DEPENDS are funny! You have a whole year to come up with the most flattering white outfit ever! Love the goat pictures!!:)

Marigold said...

Okay, well, I am sorry, but I am a much better judge of a good looking goat, and I am here to tell you that Betty is MUCH prettier than the Poppy Patch doe. MUCH. So, get to feeding Cora Belle Peanuts for that sleek coat and next year you will show them what-for!!!

Heidi said...

Dont touch the animals... funny thing is, the animals are cleaner than the humans at times!!! LOL

Pamela said...

I think you should get yourself a white Marilyn Monroe dress. Like the one she has on while standing over the subway vent. That'll show 'em. Maybe even spring for the platinum blonde wig, too.

As always, your post was hilarious and such a good read. Really look forward to it every day. Thank you so much!

Deborah Niemann said...

Just found your blog and enjoyed my first visit!

The paranoia of city people and their germs! [rolling eyes] I remember when we first moved out here six years ago, we invited friends out after we had a few goats, and the moms were so nuts about, "Don't touch the goat!" and "Now don't touch your face!" and "We have to wash your hands!"

The other thing that's changed in 30 years are lawsuits. I suppose the fair thinks they'll have some kind of defense if someone got sick later and tried to blame the goats.

Our insurance agent tried to sell us a policy that would protect us in case one of our goats bit someone at a fair. That is just sad.

Laughing Orca Ranch said...

Oh Goat girl. I have missed you so much. How long have you been gone...3 weeks??? gah!

It could not have been only 3 days.
I checked your blog every day...and sometimes tow or three times a day for any update.

And now you're back! Or is just to restock your Depends? hehe

I'm so happy that you auch a good time that Depends were necessary. I love laughing so much that I havr to make sure my bladder ia fully empty! :)

That young lady looks SERIOUS. I wouldn't even think I'd have a chance against her either. Yikes! hehe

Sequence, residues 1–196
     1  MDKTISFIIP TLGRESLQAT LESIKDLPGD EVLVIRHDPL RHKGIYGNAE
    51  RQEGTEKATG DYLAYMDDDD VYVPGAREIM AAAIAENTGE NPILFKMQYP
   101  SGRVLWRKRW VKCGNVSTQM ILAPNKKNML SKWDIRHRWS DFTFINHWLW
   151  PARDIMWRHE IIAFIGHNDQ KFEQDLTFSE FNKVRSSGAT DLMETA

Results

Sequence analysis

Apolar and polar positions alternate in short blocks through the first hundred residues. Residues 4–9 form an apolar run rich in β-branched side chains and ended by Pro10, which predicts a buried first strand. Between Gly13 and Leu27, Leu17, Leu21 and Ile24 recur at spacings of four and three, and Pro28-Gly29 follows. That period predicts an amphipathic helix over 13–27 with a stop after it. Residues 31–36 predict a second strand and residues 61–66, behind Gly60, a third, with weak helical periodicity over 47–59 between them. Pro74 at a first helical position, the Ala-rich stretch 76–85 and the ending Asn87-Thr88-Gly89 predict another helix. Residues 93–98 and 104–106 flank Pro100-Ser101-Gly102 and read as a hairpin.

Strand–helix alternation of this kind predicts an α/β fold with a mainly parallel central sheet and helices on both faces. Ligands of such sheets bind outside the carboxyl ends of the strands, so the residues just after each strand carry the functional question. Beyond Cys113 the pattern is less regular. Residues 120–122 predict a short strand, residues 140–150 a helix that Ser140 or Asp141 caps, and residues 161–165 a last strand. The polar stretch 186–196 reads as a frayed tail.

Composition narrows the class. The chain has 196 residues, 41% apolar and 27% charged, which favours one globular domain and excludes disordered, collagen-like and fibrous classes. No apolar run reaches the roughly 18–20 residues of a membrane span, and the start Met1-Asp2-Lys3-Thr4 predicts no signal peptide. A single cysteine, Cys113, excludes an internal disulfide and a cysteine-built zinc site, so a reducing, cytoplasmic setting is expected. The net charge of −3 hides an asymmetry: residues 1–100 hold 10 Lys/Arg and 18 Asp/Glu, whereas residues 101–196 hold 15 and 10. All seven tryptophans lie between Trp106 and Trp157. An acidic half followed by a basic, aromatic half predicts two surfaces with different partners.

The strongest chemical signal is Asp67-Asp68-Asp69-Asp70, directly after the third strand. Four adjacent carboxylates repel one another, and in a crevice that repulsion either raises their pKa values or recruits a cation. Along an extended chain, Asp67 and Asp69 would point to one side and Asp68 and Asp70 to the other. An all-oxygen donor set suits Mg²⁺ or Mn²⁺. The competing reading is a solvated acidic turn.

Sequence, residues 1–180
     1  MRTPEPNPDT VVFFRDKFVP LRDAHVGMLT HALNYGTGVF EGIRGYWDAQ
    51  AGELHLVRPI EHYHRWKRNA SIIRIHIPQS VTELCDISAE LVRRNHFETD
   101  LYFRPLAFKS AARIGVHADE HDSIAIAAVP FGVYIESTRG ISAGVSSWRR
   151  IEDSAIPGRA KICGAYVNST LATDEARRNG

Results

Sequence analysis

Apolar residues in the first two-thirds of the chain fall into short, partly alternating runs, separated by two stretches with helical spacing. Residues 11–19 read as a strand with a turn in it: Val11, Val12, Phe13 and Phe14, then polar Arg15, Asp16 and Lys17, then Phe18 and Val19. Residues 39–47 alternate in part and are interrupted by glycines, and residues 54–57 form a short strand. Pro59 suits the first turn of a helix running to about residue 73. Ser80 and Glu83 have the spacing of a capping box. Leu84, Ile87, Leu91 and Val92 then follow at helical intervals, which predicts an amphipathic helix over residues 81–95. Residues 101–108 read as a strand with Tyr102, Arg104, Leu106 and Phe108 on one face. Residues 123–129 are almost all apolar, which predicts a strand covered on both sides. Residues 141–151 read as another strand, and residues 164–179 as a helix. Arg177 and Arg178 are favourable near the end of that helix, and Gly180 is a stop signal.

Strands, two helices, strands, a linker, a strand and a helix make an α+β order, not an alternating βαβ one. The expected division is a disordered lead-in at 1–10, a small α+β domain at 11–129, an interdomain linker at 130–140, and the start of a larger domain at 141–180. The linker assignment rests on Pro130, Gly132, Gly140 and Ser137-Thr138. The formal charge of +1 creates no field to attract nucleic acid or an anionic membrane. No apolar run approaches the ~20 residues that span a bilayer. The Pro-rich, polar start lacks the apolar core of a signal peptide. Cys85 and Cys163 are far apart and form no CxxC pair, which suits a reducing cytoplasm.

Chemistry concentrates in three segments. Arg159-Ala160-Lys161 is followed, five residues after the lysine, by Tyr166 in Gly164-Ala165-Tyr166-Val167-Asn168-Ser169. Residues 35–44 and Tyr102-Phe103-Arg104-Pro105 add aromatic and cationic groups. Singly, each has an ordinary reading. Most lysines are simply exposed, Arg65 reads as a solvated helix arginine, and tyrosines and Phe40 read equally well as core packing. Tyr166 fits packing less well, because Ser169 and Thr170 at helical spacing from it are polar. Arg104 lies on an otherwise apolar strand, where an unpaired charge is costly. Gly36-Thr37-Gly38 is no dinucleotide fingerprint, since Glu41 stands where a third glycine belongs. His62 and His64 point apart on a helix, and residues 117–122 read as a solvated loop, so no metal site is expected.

That's really weird that the goats were encouraged to have a sloping back topline. What goat organization was judging?

The SouthWest Nigerian goat show judge ruled out many a goat that didn't have a straight topline at our last goat show.
I wonder if confirmation standards vary in different parts of the country?

Your pictures are terrific. And
I swear that cute little kid with the mini-mustache is smiling at me. Too adorable!

By the way thanks for leaving such a wonderfully sweet comment on my blog today. You really made my day and touched my heart, dear friend. :)

Laughing Orca Ranch
New Mexico

goatgirl said...

Marigold, I would have to agree but they didn't ask me to judge. And I must say that Poppy Seed is a doll of a goat and well deserving. Hopefully next year Cora Belle will give her a run for her money.

Welcome to my blog may look but please don't touch the goats:)

twinville, It was an A.D.G.A show and it really wasn't the first time I had heard about the uphill stance. I don't think standards are that different across the country, just how a judge interprets it. I will keep an open mind and research why that is beneficial. It reminds me a bit of the German Shepherds and how they have made them so extreme in the rear. I did really learn a lot and had soooo much fun.

And to all who commented on my whites. I did find a pair of cute white pants from Landsend but when I got home I rushed out to feed my goats without changing and snagged my bum on the wire fence and tore a whole in them. So I have 360 days to find a new pair.

Deborah Niemann said...

Thanks for the welcome!

I show my goats, so perhaps I can shed some light on the uphill and level thing. When judges say they want a level topline, they just mean that middle part (the chine) between the rump and the withers. They don't want a dippy chine. They want really high withers, and I don't think there is any logical reason for it. People poke on the rump to make the withers look higher, which seems kind of silly to me since the judge can clearly see what the animal looks like before you poke them. In fact, when you hear a judge say that an animal looks good "on the move," it's because they know you can't fiddle with them when they're moving, so it's the most accurate presentation of the goat. BTW, I have Nigerians too! One of my girls is finished in AGS, and one is finished in both ADGA and AGS.